“Fuck you and your rules!”

Children who are overly controlled may show signs of sadness or isolation as a way to express their hopelessness: 

“I will never get out, I will never be good enough to make these decisions, why bother trying.”

Overparented children who do their homework only to avoid parental harping may find themselves without internal motivation when no one is there to pressure them. This lack of intrinsic — or internal — motivation is a problem that may follow children through their time in school and into later work life

“No one is going to yell at me about this? Well, fuck it.”

It's also pretty easy to get a kid all nervous about their surroundings if you constantly tell them that danger is afoot and reinforce it with continuous monitoring:

"Mom's here because the world is scary and I'm not safe."

Overparenting and Maternal Status

This overparenting trend may also be a symptom of a bigger issue of superiority, a virtual, "I’m better than you because I watch more/ hoover more/care more". Jennifer Senior, author of All Joy and No Fun; The Paradox of Modern Parenthood, believes that as opposed to fear for children, we focus on judgment and constant surveillance as a way to strut our stuff: "It's become our new plumage, how we parent, peacockishly displayed on Facebook and in playgrounds and at birthday parties.” In embracing helicoptering, not only do we make our children nervous and perpetuate our own inaccurate fears, but we lose the compassion and collaboration that was a part of generations past. (Click on the title to buy that book. Trust me.)

Perhaps we are also afraid of something bigger. Are there some of us concerned when we see a child walking home that we don’t trust our children enough? Do we worry that we are sheltering our children? Do we recall our childhoods with fondness and a sense of freedom, recognize that our children do not enjoy similar freedom and freak out just a little about that? Maybe we are scared that if someone else is right, we might be wrong.

Or maybe not. Maybe we’re really just worried about that little girl walking home from the park. But if that’s the case, we need to ask ourselves “why” because it isn’t due to actual danger.

Trusting our children and teaching them independence is not a crime. It should not be treated as one. Nor should women be concerned that some asshole is going to call the police because they let their kid play at a fucking park. It isn’t like any of these women took their seven year old to a strip club to snort coke with the headliner. 

So if you find yourself uttering phrases like: 

“How could she allow them to walk? Doesn't she know that there are child murderers running around?!”

STOP. Put down the phone. Hug your kids. Eat a fucking cookie. The eat another one until your jaw is too tired to speak.

If you want to scream:

“DEAR GOD those kids must be neglected, walking around like that! Why isn’t their mother driving them home from school like any responsible parent?”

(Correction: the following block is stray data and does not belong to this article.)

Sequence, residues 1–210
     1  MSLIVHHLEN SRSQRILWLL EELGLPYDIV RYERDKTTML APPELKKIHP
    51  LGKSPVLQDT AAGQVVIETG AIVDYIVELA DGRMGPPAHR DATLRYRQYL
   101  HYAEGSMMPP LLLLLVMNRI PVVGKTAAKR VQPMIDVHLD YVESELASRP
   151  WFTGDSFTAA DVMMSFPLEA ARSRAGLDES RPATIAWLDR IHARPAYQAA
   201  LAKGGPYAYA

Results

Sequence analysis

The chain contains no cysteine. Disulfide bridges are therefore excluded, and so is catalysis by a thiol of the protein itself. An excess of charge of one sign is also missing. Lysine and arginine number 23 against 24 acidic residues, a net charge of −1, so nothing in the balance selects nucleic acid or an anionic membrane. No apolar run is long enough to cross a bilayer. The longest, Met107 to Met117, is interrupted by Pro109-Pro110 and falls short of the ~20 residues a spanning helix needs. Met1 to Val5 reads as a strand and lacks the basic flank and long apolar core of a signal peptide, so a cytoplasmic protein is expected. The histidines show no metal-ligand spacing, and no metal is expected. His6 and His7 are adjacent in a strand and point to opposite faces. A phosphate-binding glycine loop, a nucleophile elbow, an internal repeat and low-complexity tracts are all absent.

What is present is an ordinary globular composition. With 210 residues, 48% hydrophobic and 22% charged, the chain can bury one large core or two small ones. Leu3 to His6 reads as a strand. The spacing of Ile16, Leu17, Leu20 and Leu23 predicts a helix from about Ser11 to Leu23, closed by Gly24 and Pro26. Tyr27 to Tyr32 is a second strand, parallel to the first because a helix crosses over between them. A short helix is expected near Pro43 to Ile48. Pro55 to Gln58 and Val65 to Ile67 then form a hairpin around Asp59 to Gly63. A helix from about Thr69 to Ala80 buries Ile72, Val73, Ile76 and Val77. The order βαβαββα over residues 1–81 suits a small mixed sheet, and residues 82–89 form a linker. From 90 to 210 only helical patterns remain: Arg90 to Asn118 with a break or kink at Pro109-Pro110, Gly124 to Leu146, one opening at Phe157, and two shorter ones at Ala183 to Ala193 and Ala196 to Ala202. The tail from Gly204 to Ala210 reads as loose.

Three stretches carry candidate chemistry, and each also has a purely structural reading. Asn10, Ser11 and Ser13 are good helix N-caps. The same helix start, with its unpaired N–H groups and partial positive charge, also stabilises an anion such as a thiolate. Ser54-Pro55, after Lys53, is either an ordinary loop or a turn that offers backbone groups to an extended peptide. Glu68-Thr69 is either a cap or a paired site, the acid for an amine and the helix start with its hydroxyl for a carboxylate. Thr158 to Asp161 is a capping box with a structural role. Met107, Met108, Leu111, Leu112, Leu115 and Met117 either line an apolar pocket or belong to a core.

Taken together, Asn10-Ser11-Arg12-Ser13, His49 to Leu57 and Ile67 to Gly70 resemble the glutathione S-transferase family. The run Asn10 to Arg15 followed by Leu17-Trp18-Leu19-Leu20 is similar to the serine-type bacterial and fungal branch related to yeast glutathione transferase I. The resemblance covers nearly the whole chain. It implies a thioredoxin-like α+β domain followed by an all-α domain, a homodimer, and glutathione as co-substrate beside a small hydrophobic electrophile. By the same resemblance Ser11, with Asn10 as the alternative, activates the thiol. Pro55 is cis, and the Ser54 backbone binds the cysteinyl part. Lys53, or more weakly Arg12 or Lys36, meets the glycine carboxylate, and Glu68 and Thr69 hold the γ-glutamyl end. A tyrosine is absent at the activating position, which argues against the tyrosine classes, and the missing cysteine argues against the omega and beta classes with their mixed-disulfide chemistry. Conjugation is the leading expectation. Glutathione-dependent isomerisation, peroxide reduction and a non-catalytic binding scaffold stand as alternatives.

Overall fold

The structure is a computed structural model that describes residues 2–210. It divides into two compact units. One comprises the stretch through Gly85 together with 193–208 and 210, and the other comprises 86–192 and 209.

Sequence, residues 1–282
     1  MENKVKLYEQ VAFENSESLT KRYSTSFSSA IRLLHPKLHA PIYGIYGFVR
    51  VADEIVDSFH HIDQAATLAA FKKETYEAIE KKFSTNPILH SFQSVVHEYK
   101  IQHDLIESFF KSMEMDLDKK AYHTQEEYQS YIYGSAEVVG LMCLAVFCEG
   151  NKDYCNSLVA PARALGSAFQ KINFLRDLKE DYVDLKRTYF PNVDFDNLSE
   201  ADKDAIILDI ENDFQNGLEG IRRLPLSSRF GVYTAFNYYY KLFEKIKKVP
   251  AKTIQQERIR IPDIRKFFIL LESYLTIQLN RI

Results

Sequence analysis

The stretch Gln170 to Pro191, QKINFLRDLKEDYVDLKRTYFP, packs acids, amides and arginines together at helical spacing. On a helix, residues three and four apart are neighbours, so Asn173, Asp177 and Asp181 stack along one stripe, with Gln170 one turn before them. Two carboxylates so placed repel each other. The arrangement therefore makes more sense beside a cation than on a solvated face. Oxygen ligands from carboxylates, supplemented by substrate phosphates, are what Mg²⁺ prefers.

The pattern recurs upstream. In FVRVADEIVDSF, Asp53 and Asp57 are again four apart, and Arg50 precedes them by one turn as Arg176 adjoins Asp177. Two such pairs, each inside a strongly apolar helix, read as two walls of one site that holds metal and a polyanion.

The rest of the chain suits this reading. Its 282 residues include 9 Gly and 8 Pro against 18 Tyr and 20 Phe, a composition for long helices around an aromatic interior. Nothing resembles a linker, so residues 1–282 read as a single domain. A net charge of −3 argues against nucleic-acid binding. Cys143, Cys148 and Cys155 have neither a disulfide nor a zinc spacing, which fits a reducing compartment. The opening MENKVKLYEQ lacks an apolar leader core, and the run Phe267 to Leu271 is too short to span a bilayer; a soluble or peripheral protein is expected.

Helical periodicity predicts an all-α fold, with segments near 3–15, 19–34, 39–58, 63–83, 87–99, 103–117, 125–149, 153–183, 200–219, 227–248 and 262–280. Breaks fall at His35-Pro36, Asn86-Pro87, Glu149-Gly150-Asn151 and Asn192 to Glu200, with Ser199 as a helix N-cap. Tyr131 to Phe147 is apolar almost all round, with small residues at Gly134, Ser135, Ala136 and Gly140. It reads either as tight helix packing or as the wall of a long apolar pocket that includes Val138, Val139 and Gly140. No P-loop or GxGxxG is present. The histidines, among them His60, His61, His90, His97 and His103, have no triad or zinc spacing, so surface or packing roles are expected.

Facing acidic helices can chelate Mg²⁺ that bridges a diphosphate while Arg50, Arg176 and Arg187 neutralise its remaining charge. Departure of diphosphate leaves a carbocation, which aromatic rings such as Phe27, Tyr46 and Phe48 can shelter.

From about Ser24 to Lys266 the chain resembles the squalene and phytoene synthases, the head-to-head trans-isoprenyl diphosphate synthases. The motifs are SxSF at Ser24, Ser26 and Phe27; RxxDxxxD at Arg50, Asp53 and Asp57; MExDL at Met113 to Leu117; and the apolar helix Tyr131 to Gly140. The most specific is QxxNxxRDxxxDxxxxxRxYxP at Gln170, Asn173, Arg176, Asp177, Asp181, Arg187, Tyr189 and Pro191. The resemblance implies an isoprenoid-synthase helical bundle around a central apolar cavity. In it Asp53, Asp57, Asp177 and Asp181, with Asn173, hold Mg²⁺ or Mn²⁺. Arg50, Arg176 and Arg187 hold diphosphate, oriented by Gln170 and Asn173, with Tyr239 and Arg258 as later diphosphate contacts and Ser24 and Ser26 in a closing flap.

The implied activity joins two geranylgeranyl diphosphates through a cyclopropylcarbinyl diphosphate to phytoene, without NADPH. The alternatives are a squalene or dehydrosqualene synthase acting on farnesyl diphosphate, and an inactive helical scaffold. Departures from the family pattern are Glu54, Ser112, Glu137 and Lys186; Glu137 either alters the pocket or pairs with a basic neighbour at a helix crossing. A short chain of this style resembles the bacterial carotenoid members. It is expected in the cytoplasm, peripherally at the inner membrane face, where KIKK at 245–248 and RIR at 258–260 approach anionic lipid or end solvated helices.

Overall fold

STOP. Put down the phone. Eat a cookie.

And on the flip side, if you want to tell your friend:

“OMG don’t hover! You’ll turn your kid into a neurotic mess!”

STOP. Put down the phone. Eat a mother fucking cookie. Or a banana. Whatever it takes.

Parenting is a balance. It’s individual. Actions depend on our version of right or wrong or normal. Parenting methods develop through modeling, the personalities of both mothers and children and how scary and competitive we perceive our surroundings to be. We may see our worlds differently from one another and respond in kind. But it does not make any of us correct in each and every circumstance. 

Plus, every bullshit call that overworked and underpaid social workers have to respond to is time taken away from a family who really needs it. I once watched a friend spend days going over a case where parents weren’t doing anything wrong. And in those days another case on her list got pushed back out of necessity. And in the one that had to wait, unbeknownst to anyone before she arrived, someone in the house was taking a vegetable peeler to the toddler when he was bad.

So knock it off. Bullshit calls hurt people and take time away from real cases. Call on actual abuse. Not on this stuff. 

We’re all doing out best. The cops won’t make us do it better. Only cooperation, compassion and acceptance of ways beyond our own helps us to build the communities that we can all feel safe letting our children walk home in. 

Mother fucking cookies help too. 

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Citations
  1. http://www.washingtonpost.com/blogs/wonkblog/wp/2015/04/14/theres-never-been-a-safer-time-to-be-a-kid-in-america/?postshare=6521429187380612
  2. http://www.ncbi.nlm.nih.gov/pmc/articles/PMC4104716/
  3. http://link.springer.com/article/10.1007%2Fs10826-013-9716-3
  4. http://www.ncbi.nlm.nih.gov/pmc/articles/PMC2708328/
  5. http://www.ncbi.nlm.nih.gov/pubmed/22503075
  6. http://web.sbs.arizona.edu/college/news/dangers-overparenting
  7. http://lawreview.law.ucdavis.edu/issues/44/4/articles/Bernstein.pdf
  8. http://www.ncbi.nlm.nih.gov/pmc/articles/PMC4067382/
  9. http://www.unh.edu/ccrc/pdf/_Updated%20trends%202013_dc-df-ks-df.pdf
  10. http://www.amazon.com/dp/0062072226/?tag=googhydr-20&hvadid=62706401676&hvpos=1t1&hvexid=&hvnetw=g&hvrand=17342385608832073972&hvpone=&hvptwo=&hvqmt=b&hvdev=c&ref=pd_sl_5x84ogrj7u_b